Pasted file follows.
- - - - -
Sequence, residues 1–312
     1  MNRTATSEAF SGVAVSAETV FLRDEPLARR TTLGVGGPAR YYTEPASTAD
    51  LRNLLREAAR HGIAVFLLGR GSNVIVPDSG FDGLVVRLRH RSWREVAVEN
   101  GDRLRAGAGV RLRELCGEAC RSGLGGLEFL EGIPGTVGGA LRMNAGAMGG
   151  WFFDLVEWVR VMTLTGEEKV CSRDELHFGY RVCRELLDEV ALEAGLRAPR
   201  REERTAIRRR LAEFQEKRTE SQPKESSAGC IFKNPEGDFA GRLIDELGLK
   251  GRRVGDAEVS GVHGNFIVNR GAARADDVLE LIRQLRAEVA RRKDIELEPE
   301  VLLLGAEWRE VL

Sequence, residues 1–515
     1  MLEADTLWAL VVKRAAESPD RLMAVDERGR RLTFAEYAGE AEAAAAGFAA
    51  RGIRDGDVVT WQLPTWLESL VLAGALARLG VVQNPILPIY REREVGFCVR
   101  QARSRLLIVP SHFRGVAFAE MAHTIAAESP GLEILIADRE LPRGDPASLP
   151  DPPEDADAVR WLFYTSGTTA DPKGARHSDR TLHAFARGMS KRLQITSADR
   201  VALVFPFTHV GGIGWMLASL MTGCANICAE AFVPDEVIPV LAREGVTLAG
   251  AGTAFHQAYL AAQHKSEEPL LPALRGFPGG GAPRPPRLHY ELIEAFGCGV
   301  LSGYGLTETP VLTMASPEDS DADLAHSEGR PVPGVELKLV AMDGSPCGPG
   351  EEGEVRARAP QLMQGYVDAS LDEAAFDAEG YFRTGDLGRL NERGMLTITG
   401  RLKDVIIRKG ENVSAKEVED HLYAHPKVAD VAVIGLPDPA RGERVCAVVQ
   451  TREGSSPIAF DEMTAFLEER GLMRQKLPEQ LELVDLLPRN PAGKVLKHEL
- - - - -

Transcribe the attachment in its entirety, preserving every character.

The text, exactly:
Sequence, residues 1–312
     1  MNRTATSEAF SGVAVSAETV FLRDEPLARR TTLGVGGPAR YYTEPASTAD
    51  LRNLLREAAR HGIAVFLLGR GSNVIVPDSG FDGLVVRLRH RSWREVAVEN
   101  GDRLRAGAGV RLRELCGEAC RSGLGGLEFL EGIPGTVGGA LRMNAGAMGG
   151  WFFDLVEWVR VMTLTGEEKV CSRDELHFGY RVCRELLDEV ALEAGLRAPR
   201  REERTAIRRR LAEFQEKRTE SQPKESSAGC IFKNPEGDFA GRLIDELGLK
   251  GRRVGDAEVS GVHGNFIVNR GAARADDVLE LIRQLRAEVA RRKDIELEPE
   301  VLLLGAEWRE VL

Sequence, residues 1–515
     1  MLEADTLWAL VVKRAAESPD RLMAVDERGR RLTFAEYAGE AEAAAAGFAA
    51  RGIRDGDVVT WQLPTWLESL VLAGALARLG VVQNPILPIY REREVGFCVR
   101  QARSRLLIVP SHFRGVAFAE MAHTIAAESP GLEILIADRE LPRGDPASLP
   151  DPPEDADAVR WLFYTSGTTA DPKGARHSDR TLHAFARGMS KRLQITSADR
   201  VALVFPFTHV GGIGWMLASL MTGCANICAE AFVPDEVIPV LAREGVTLAG
   251  AGTAFHQAYL AAQHKSEEPL LPALRGFPGG GAPRPPRLHY ELIEAFGCGV
   301  LSGYGLTETP VLTMASPEDS DADLAHSEGR PVPGVELKLV AMDGSPCGPG
   351  EEGEVRARAP QLMQGYVDAS LDEAAFDAEG YFRTGDLGRL NERGMLTITG
   401  RLKDVIIRKG ENVSAKEVED HLYAHPKVAD VAVIGLPDPA RGERVCAVVQ
   451  TREGSSPIAF DEMTAFLEER GLMRQKLPEQ LELVDLLPRN PAGKVLKHEL